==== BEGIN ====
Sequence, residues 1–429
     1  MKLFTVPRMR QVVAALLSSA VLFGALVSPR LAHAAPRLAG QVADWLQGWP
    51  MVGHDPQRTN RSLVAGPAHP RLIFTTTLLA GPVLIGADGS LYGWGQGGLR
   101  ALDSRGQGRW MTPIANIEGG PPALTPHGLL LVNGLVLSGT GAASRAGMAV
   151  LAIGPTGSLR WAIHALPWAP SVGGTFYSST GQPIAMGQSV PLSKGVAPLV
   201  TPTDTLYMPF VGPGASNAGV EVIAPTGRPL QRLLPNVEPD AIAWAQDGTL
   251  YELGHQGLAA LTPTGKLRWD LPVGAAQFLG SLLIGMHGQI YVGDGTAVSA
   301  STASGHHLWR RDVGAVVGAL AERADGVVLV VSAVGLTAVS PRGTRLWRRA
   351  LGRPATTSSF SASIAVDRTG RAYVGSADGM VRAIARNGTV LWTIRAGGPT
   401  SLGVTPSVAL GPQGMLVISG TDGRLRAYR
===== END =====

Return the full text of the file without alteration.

Sequence, residues 1–429
     1  MKLFTVPRMR QVVAALLSSA VLFGALVSPR LAHAAPRLAG QVADWLQGWP
    51  MVGHDPQRTN RSLVAGPAHP RLIFTTTLLA GPVLIGADGS LYGWGQGGLR
   101  ALDSRGQGRW MTPIANIEGG PPALTPHGLL LVNGLVLSGT GAASRAGMAV
   151  LAIGPTGSLR WAIHALPWAP SVGGTFYSST GQPIAMGQSV PLSKGVAPLV
   201  TPTDTLYMPF VGPGASNAGV EVIAPTGRPL QRLLPNVEPD AIAWAQDGTL
   251  YELGHQGLAA LTPTGKLRWD LPVGAAQFLG SLLIGMHGQI YVGDGTAVSA
   301  STASGHHLWR RDVGAVVGAL AERADGVVLV VSAVGLTAVS PRGTRLWRRA
   351  LGRPATTSSF SASIAVDRTG RAYVGSADGM VRAIARNGTV LWTIRAGGPT
   401  SLGVTPSVAL GPQGMLVISG TDGRLRAYR